Lois Pope Charity Blog

Animal Emergency Services at the American Humane Association

Since the launch of its first animal relief program in August 1916, the American Humane Association (AHA) has assisted in responding to disasters both domestically and internationally in order to protect pets and work animals. With a fleet of Red Star Rescue Vehicles, as well as the 82-foot Rescue Rig, fortified by over 100 volunteers ready for deployment, the Animal Emergency Services team can respond to everything from large animal cruelty busts to major natural disasters such as hurricanes and earthquakes. The Animal Emergency Services initiative grew out of the American Red Star Animal Relief Program, a project with roots in the first major conflict of the 20th century, World War I.

Shortly after conflict first broke out in Europe, several countries signed a treaty in Geneva, known as the International Red Star Alliance, in order to help promote a coalition between warring nations to help care for wounded animals. In subsequent years, both the Swiss minister and the U.S. Secretary of War made official calls to AHA to provide emergency services for animals engaged in the war effort, igniting the formation of American Red Star Animal Relief. Possessing 125 branches throughout the United States, the organization oversaw the funding of ambulances and relief programs for U.S. Army horses. Following the war, the Red Star invested its talents back home. The program continues its important work as Animal Emergency Services.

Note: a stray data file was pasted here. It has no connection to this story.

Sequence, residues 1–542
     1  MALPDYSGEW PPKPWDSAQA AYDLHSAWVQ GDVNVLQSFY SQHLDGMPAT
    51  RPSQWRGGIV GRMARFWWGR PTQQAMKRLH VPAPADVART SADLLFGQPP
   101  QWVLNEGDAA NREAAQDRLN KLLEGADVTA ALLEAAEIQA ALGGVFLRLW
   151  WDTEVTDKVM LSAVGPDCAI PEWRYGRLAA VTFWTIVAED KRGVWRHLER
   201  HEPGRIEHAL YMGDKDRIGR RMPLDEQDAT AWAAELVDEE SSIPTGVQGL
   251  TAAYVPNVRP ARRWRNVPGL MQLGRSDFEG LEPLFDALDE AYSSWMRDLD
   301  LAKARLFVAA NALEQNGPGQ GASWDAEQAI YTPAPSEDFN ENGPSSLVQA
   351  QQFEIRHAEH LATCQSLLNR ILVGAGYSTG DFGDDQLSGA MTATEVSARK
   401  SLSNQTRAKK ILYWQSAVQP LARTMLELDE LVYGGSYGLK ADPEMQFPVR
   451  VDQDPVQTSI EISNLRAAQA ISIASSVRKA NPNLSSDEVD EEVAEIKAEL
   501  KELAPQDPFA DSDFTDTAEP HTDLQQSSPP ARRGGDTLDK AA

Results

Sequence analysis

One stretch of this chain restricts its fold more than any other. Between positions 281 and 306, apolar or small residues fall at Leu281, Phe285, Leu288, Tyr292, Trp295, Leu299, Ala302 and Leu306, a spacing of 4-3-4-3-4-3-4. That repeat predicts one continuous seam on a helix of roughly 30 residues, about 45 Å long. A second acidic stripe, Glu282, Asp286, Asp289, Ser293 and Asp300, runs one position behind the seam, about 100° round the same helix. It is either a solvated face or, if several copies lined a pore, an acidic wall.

In recent years, Red Star responders have been first on the scene whenever animals are in danger. Following major tornados in Joplin, Missouri, and Moore, Oklahoma, Animal Emergency Service brought in its Rescue Rig, a mobile command center, in order to help reunite families with their pets and assist in efforts to provide emergency veterinary relief. The program also works alongside law enforcement officials to respond to major animal cruelty arrests. The recent bust of a multi-state dog fighting ring included an Animal Emergency team response to take in the abused animals to provide care and therapy.